posted by zeypher at 4:06 PM on August 18, 2005

How fast do you drive on the highway? Drag goes with the square of the velocity and those bikes are certainly adding drag.
posted by jduckles at 6:54 PM on August 18, 2005

"How fast do you drive on the highway?"

A more pertinent question might be "How quickly do you accelerate to freeway speeds?" The difference in fuel mileage between the most efficient freeway cruising speed and 75mph is likely less than the difference in accelerating from 0-75 in 15 seconds vs. accelerating from 0-75 in 30 seconds.

Also, treat your gas pedal and brake pedal like they're sitting on eggs (accelerate slowly unless required to merge, brake gently and try to avoid braking at all by planning ahead) and you'll see a marked increase in overall mileage.

Additionally, the Outback has wider, more aggressive tires than a standard Subaru, and increased rolling resistance due to wider tires is a factor in increased fuel consumption.
posted by mr_crash_davis at 8:19 PM on August 18, 2005

The EPA has a rule of thumb: "Each 5 mph you drive over 60 mph is like paying an additional $0.15 per gallon for gas." Or, to put it in more helpful terms, there's a 7-23% benefit by keeping your speed down.

Also, "An extra 100 pounds in your vehicle could reduce your MPG by up to 2%"

And "Aggressive driving (speeding, rapid acceleration and braking) wastes gas. It can lower your gas mileage by 33 percent at highway speeds and by 5 percent around town."

Throw in the aerodynamic drag from the bikes, and I think you have your answer.
posted by pmurray63 at 9:03 PM on August 18, 2005

Your mileage doesn't sound that bad considering the drag. It might improve a couple of mpg after the engine breaks in some more and the computer adjusts to your driving style, the local weather and the gas you tend to use.

My 2001 Outback VDC (3.0l H6, 4 speed EAT, 132k miles, stock rack crossbars only) gets me anywhere from 22 mpg (when I'm in serious speed mode -- 85-90 mph) to 24 mpg (55-65 mph). When I was commuting regularly with 50% of my hours in stop-and-go traffic most of the time the mpg was closer to 19-21.

When I run with bikes I keep them on a tailgate rack and that doesn't affect the mileage more than 1 mpg. I would expect keeping them on the roof to at least double that effect.

The best mileage I've gotten was on a trip over slow two-lane roads averaging 27 mpg at a pretty consistent 45 mph.

As my VDC is EPA-rated for 27 mpg on the highway and I've never gotten close to that (except for that one long, slow ride) I suspect Subaru engineers the cars to do very well on the EPA test but not so well on the Opposite George test. Previous experience with my 1996 Outback (2.2 liter 4-banger w/stick) -- which consistently clocked in about 2 to 5 fewer mpg than the EPA rating -- strengthens my belief.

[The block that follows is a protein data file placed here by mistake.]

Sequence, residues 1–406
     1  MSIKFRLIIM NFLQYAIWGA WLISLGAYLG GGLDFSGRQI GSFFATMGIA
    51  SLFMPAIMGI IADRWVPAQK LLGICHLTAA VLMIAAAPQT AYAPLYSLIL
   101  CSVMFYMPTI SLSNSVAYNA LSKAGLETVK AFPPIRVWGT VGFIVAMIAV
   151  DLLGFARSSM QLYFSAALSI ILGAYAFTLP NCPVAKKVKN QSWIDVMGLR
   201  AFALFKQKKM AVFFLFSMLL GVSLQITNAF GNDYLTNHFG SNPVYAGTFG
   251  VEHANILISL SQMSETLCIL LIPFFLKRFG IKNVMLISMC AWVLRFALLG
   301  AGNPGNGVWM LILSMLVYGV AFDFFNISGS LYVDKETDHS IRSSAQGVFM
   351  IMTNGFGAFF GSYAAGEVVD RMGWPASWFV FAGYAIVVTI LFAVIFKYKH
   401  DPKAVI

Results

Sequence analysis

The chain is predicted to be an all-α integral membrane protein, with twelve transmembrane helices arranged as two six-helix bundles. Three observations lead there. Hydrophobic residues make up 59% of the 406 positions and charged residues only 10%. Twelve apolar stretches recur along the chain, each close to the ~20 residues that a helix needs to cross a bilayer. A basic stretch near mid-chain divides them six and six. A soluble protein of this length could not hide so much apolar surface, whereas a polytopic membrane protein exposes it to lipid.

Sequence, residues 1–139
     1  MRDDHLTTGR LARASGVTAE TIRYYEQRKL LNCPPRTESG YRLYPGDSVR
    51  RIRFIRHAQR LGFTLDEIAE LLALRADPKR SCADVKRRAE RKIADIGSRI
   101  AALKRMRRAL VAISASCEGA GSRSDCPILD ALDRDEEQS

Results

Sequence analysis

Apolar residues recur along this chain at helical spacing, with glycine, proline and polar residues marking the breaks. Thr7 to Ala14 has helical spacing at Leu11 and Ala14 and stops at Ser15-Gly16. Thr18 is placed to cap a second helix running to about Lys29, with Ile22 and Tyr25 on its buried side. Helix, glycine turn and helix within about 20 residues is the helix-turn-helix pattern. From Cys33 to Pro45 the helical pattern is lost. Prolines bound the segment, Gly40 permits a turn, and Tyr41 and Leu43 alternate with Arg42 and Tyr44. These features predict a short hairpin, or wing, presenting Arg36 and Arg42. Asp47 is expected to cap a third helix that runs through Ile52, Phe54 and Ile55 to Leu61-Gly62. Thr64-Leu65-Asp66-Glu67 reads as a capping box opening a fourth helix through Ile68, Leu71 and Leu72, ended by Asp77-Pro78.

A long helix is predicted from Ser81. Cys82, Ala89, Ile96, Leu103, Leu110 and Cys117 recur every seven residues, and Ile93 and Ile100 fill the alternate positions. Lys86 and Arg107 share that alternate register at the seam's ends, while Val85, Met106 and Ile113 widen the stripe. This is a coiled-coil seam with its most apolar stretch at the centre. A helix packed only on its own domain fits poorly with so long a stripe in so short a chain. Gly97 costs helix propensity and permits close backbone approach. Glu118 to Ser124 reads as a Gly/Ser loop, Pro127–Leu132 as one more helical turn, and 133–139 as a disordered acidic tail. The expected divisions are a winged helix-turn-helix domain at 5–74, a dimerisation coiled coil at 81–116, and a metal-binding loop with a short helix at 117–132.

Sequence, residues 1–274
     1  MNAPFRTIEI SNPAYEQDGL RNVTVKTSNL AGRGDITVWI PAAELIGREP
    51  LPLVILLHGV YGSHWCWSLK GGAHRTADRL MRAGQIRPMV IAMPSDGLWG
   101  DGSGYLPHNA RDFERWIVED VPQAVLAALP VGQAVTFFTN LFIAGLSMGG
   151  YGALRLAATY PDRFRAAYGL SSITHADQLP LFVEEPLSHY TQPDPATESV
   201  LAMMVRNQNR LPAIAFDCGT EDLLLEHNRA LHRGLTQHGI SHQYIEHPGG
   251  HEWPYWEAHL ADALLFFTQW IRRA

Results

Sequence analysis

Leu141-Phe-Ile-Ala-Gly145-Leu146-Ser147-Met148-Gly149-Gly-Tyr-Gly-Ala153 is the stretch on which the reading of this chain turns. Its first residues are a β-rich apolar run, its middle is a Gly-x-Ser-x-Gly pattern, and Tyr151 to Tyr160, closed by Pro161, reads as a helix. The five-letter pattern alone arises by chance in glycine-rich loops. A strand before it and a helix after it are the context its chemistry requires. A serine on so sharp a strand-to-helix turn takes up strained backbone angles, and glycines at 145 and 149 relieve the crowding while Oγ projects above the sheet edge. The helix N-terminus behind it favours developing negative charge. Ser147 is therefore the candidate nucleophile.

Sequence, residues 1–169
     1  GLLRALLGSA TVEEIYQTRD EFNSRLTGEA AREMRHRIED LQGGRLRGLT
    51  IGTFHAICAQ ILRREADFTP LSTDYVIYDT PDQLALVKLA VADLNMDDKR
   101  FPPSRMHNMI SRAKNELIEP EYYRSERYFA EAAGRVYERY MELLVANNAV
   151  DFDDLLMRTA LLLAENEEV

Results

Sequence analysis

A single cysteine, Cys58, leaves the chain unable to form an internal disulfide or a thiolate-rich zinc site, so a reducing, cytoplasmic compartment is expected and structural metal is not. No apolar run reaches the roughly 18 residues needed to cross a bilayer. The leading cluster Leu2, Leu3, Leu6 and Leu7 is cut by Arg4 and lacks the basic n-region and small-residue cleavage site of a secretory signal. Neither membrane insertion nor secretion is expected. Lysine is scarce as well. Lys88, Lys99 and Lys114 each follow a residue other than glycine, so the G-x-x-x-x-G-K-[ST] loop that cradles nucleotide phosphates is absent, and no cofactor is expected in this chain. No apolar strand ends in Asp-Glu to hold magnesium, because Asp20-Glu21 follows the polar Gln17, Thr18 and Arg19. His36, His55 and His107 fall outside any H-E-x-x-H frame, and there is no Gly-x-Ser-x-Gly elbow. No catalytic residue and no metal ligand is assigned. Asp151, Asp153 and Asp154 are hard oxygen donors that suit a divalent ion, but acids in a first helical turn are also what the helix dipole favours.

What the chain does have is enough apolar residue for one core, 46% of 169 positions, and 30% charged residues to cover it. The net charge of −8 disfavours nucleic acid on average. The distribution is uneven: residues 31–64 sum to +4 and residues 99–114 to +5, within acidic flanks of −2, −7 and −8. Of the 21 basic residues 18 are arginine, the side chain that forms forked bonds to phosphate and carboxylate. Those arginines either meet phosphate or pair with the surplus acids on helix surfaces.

My mileage drops pretty significantly during major snow storms (sub-20), but I think that's a combination of me pushing it hard in the snow and tending to idle it a lot while clearing it off or waiting for traffic to get going again (CT loves to platoon snowplows which can mean stopping for a while until they get it together.)

I don't know which transmission you have but the VDC pushes power to all 4 wheels all the time (35/65 front/back split) which eats up mpg. If you have the stick I think it also splits the power all the time. Some Subaru automatics (used to?) basically operate in FWD unless the front was slipping (90/10 split w/that 10% coming from residual drag) and I believe their mileage was quite a bit better and closer to what you were getting with the Brighton (a FWD model, no?)

Also keep in mind the Outback is a HEAVY car (mine is almost 2 tons, yours probably heavier than mine). Since this is almost twice the size of the Subarus when I was growing up, I have to keep reminding myself that I'm not driving a pretty average-sized car and not to expect sub-compact mileage!
posted by Opposite George at 12:41 AM on August 19, 2005

Drive slower. I just saw a local news report last night that demostrated the difference in MPG between driving 55 and 65 to be 13%.
posted by poppo at 5:26 AM on August 19, 2005

I have never had a car that achieved it's 'official' MPG. Those numbers are for ideal conditions only, and have little to do with reality.
posted by eas98 at 7:22 AM on August 19, 2005

Just to counter eas98, I often achieve *more* than the official EPA highway estimate in my car (a 2002 Audi AT 1.8t, which I suspect is tuned for better mileage at higher ranges than the 49 mph test level in the US). So much depends on how the car is driven.

Also, one more nod in obviousness toward the bicycles wrecking your mileage. Even rolling the windows down can inhibit mpg.
posted by werty at 8:18 AM on August 19, 2005